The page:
We saw in the previous lesson that the short word ci fits into (c’entra in) many situations.
But not only can ci mean “there,” ci can represent an object pronoun like “it,” “this,” or “that” plus a preposition (to, into, of, from, about, etc.) all in one, as we see below.
On the job, Manara finds himself in the wine cellar of an important estate and has questioned Count Lapo’s housekeeper about some rifle shots. She answers evasively:
Colpi di fucile qui se ne sentono spesso, è zona di caccia. Sinceramente non c'ho badato.
We often hear gun shots here, it's a hunting area. Honestly I didn't pay attention to that.
Captions 13-14, Commissario Manara: Vendemmia tardiva - Ep 2 - Part 5 of 17
And things get more mysterious when Manara discovers Count Lapo’s cryptic parting words about his estate:
Ma ci penserà qualcun altro...
Well, someone else will take care of it...
Ci can even get into the kitchen! Two kids are putting the finishing touches on a recipe they have demonstrated:
La nostra pasta è pronta. Ci aggiungiamo un cucchiaino di parmigiano.
Our pasta is ready. To it we’ll add a teaspoon of Parmesan.
Caption 21, Ricette bimbi: Gli spaghetti con zucchine e uova
But what happens when there are two object pronouns in the same sentence (indirect and direct)? Non c’è problema! Ci transforms itself into ce. The most important question when it’s time to buttare la pasta (throw the pasta in) is:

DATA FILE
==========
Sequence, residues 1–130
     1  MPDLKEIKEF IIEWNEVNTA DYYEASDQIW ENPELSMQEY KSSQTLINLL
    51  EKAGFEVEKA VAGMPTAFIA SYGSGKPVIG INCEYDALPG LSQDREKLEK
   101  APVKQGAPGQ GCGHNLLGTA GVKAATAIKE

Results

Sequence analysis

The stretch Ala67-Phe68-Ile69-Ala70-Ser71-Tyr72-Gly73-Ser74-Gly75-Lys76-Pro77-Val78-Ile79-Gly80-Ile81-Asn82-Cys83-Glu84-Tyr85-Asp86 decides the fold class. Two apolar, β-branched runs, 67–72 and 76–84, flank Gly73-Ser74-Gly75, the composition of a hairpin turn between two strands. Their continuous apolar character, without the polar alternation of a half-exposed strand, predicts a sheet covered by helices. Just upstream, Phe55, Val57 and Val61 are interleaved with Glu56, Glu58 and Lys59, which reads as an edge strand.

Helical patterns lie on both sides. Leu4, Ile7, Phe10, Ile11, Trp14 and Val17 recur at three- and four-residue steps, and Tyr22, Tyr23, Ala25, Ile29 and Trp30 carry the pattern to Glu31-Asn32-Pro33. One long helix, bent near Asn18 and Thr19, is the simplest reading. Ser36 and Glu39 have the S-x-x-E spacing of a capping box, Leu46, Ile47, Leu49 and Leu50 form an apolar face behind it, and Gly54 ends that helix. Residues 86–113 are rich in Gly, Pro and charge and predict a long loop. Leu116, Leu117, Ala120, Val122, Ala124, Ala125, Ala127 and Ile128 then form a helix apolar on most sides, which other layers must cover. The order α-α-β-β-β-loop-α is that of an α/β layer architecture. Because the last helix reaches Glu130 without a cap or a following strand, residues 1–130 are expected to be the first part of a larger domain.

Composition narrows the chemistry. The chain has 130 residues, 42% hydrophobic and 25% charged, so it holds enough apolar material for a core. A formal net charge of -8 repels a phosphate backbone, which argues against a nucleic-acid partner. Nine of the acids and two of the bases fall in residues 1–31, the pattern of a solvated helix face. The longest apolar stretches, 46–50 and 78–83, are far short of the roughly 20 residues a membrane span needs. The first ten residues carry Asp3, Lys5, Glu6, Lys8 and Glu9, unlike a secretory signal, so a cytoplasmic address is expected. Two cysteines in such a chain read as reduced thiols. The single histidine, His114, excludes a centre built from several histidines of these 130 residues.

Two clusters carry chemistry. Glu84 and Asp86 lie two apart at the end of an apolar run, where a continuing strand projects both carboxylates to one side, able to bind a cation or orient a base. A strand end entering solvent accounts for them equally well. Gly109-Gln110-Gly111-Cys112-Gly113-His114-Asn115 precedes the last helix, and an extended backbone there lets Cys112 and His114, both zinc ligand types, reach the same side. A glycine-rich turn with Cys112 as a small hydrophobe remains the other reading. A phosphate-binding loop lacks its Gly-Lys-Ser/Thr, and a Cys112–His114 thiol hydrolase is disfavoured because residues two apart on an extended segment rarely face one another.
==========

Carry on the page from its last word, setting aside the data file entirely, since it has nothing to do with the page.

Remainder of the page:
Ci hai messo il sale? (Did you put the salt in?)
Sì, ce l’ho già messo. (Yes, I already put it in.)
Even when it means “us” (see previous lesson), ci is transformed into ce when a direct object pronoun is also present, like “it” or “that.”
Morto come? -Eh, non ce l'hanno detto.
How did he die? -Uh, they didn’t tell us that.
Captions 33-34, Il Commissario Manara: Vendemmia tardiva - Ep 2 - Part 1 of 17
Ci (often in the form of ce) can easily sneak into a sentence where there is technically no need for it, just to give it some weight.
Io son contadino mica grullo, ce l'avete il mandato?
I'm a farmer, not an idiot, do you have a warrant?
While it’s nice to know what all these little words mean, it can be frustrating trying to account for all of them or to string them together in a logical order, so learning some common frasi fatte (idiomatic expressions) can get you off to a great start.
Lara’s aunt is being pulled by her little dog:
Non ce la faccio, mi fai cadere.
I can’t make it [I can't keep up], you'll make me fall.
And the Commissario has no clue why Lara is mad at him:
Lara! Io non l'ho capito perché ce l'hai con me.
Lara! I don't get why you have something against me.
A good way to get a realistic sense of ci and ce in context is to watch Yabla series like Commissionario Manara, Un Medico in Famiglia, or even Pippo e Palla. Listen for these words, and when you hear them, press pause and repeat the sentence out loud. Once you get the hang of it, you’ll discover these little words all over the place, sprouting like wildflowers.